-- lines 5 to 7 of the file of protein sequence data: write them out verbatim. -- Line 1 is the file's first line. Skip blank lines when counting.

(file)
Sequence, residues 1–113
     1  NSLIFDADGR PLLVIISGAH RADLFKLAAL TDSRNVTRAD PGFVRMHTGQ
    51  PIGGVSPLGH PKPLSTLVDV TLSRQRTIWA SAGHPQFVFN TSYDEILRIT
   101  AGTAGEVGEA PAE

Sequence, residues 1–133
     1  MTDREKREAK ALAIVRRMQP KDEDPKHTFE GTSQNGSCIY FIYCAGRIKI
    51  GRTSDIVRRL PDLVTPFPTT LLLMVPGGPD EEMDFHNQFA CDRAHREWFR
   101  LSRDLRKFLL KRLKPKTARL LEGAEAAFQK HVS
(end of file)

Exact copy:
Sequence, residues 1–133
     1  MTDREKREAK ALAIVRRMQP KDEDPKHTFE GTSQNGSCIY FIYCAGRIKI
    51  GRTSDIVRRL PDLVTPFPTT LLLMVPGGPD EEMDFHNQFA CDRAHREWFR